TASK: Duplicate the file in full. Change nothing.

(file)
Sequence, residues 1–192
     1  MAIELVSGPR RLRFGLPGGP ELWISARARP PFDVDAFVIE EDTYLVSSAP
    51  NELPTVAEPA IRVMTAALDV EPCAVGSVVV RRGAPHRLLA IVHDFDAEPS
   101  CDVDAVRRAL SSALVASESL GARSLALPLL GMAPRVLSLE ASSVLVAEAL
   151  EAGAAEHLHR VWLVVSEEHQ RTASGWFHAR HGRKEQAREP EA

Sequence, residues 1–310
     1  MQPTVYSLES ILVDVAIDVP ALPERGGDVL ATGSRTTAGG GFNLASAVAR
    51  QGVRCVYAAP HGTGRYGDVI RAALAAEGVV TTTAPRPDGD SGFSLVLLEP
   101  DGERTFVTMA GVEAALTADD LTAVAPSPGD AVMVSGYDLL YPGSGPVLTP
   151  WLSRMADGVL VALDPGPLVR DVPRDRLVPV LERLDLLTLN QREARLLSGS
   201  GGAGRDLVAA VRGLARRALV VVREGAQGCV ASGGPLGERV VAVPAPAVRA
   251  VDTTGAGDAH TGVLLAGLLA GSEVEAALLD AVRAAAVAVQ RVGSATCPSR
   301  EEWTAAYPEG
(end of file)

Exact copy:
Sequence, residues 1–192
     1  MAIELVSGPR RLRFGLPGGP ELWISARARP PFDVDAFVIE EDTYLVSSAP
    51  NELPTVAEPA IRVMTAALDV EPCAVGSVVV RRGAPHRLLA IVHDFDAEPS
   101  CDVDAVRRAL SSALVASESL GARSLALPLL GMAPRVLSLE ASSVLVAEAL
   151  EAGAAEHLHR VWLVVSEEHQ RTASGWFHAR HGRKEQAREP EA

Sequence, residues 1–310
     1  MQPTVYSLES ILVDVAIDVP ALPERGGDVL ATGSRTTAGG GFNLASAVAR
    51  QGVRCVYAAP HGTGRYGDVI RAALAAEGVV TTTAPRPDGD SGFSLVLLEP
   101  DGERTFVTMA GVEAALTADD LTAVAPSPGD AVMVSGYDLL YPGSGPVLTP
   151  WLSRMADGVL VALDPGPLVR DVPRDRLVPV LERLDLLTLN QREARLLSGS
   201  GGAGRDLVAA VRGLARRALV VVREGAQGCV ASGGPLGERV VAVPAPAVRA
   251  VDTTGAGDAH TGVLLAGLLA GSEVEAALLD AVRAAAVAVQ RVGSATCPSR
   301  EEWTAAYPEG